Prince George’s Co. aims to view new spending, legislation through equity lens

The Prince George’s County Council has unanimously adopted a resolution that requires the Maryland county to come up with a new equity policy framework, and to begin assessing county spending and new laws for their impact on equity.

Council member Deni Taveras said she modeled the idea after something Montgomery County passed in 2019. During a hearing two weeks ago, she argued that the impact the pandemic had on her district — and how the response was carried out there versus other areas of the D.C. area — crystallized the need for this new resolution now.

“The COVID-19 pandemic was one where my community direly suffered with being in the ZIP code of 20783. We were the most affected in terms of infection rates in the DMV area, yet we were the last to receive vaccines,” Taveras said.



“Despite overcrowding issues, proximities etc., we are the most urbanized area per square mile here in the county,” Taveras said.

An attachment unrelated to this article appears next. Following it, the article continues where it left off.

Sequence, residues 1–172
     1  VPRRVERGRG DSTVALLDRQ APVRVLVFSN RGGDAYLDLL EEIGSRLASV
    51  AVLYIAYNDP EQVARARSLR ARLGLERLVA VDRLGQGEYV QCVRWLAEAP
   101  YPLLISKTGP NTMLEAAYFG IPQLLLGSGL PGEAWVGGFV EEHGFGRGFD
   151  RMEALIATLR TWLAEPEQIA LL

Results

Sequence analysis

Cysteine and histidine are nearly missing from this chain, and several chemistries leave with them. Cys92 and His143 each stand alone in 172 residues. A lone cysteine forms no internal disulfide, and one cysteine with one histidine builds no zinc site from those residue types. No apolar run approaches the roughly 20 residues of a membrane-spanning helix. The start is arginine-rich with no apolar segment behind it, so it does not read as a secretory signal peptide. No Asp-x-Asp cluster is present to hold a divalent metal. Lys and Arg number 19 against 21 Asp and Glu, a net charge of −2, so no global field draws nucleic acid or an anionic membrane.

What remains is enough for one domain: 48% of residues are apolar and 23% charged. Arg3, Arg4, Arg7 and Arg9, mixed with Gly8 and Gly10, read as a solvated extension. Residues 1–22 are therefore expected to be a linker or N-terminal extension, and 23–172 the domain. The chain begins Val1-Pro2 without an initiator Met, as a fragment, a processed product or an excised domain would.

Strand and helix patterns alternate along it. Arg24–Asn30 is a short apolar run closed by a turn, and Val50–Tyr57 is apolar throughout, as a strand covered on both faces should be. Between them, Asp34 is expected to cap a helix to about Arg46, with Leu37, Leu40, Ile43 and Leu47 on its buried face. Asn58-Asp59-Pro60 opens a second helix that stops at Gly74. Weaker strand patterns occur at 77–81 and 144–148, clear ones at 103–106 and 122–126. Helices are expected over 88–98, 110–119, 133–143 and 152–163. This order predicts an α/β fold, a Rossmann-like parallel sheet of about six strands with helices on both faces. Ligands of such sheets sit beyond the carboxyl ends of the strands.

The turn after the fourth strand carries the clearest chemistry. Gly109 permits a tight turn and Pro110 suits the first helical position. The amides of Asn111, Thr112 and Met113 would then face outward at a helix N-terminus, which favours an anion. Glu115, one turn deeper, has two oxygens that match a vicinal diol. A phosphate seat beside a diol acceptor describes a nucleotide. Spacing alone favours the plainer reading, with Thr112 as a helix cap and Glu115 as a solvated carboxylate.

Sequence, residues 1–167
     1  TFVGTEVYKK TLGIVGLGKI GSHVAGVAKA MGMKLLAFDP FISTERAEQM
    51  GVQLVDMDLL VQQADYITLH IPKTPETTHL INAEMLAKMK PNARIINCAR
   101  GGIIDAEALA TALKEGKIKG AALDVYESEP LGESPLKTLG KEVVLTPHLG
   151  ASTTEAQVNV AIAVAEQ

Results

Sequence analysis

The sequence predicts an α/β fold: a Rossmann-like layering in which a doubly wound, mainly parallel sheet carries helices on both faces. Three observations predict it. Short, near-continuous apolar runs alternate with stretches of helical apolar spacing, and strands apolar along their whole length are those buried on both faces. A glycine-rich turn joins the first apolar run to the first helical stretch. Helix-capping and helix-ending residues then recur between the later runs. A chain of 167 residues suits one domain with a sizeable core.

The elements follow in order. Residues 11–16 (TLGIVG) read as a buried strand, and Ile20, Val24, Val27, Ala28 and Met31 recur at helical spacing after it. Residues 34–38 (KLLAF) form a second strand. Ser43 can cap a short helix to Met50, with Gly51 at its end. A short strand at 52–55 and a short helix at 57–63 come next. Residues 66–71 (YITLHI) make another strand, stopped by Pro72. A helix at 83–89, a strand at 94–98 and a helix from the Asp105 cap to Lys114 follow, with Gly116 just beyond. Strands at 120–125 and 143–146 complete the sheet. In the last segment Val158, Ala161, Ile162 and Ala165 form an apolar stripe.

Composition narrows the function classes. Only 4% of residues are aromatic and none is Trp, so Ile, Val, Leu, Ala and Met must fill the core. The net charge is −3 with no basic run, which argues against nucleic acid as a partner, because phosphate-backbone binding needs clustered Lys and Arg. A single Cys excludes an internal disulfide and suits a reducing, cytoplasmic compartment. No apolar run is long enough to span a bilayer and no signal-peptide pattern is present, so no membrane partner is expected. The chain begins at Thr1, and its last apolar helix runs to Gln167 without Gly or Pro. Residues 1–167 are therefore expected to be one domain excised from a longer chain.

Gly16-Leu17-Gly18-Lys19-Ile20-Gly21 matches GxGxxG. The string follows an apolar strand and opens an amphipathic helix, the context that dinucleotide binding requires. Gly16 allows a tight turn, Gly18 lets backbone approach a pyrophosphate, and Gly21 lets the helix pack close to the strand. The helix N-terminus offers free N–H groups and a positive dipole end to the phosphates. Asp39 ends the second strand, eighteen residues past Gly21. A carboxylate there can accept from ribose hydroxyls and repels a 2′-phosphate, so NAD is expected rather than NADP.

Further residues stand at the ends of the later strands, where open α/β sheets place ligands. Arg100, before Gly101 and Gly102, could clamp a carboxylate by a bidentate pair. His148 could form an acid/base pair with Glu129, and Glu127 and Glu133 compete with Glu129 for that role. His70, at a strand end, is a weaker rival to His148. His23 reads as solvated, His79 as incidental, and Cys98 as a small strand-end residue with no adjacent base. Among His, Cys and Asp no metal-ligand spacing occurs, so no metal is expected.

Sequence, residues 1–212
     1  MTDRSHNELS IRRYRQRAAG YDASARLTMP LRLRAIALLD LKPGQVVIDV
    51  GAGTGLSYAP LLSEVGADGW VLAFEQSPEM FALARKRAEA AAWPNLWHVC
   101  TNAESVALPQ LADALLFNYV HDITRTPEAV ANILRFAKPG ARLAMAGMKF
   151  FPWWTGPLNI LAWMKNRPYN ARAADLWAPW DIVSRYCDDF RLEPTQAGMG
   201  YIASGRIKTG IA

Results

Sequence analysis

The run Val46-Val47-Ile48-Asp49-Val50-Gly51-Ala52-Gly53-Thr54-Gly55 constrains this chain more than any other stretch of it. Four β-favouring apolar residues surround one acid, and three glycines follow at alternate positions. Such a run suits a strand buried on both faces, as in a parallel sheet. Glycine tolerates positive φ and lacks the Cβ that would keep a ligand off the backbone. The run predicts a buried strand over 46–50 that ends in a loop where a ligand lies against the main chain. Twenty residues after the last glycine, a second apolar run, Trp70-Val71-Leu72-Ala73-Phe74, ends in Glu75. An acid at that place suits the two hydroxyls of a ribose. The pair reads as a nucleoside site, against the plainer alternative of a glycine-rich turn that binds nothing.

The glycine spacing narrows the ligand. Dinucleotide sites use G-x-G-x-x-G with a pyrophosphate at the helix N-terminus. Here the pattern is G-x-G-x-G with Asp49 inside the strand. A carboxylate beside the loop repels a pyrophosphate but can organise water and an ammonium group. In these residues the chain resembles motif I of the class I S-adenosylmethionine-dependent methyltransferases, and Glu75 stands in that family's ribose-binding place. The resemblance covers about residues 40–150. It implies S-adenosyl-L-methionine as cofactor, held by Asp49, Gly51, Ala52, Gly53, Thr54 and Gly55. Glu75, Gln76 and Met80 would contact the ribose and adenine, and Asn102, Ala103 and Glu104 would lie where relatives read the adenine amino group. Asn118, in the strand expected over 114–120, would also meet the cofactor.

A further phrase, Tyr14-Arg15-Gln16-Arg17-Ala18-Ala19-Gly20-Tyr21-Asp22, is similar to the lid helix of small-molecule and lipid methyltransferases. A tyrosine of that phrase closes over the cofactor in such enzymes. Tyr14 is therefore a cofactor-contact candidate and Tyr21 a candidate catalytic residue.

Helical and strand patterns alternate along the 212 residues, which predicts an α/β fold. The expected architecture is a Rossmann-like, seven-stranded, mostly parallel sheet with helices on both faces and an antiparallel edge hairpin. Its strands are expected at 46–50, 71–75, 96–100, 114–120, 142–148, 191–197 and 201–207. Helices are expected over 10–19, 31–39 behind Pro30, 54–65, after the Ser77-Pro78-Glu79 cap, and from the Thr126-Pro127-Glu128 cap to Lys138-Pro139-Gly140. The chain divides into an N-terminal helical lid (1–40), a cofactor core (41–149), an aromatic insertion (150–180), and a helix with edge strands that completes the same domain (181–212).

The resolution directs council staff to analyze how budget and policy decisions will impact equity, with that information provided to county lawmakers as they determine how to vote. Oversight of programs and processes will also be looked at through an equity lens.

Doing that “will help us be better, be more just, and be more equitable in this new world of diversity, equity and inclusion that we live in,” Taveras said.

Much of that work, for now at least, will fall on current council staff.

“We really look forward to this because this is the kind of thing I think that we were brought here to do,” said Josh Hamlin, a policy analyst for the council, during that Sept. 22 hearing. “We’re definitely looking forward to it.”

In addition, the Budget and Policy Division of the Office of Audits and Investigations will start working on a report looking at disparities that exist in county services — including education, employment, housing and land use.

That report is due just before Christmas in 2023. And from there, county leaders will be tasked with figuring out a way to come up with an equity policy framework that would apply to the entire county.

John Domen

John started working at WTOP in 2016 after having grown up in Maryland listening to the station as a child. While he got his on-air start at small stations in Pennsylvania and Delaware, he's spent most of his career in the D.C. area, having been heard on several local stations before coming to WTOP.

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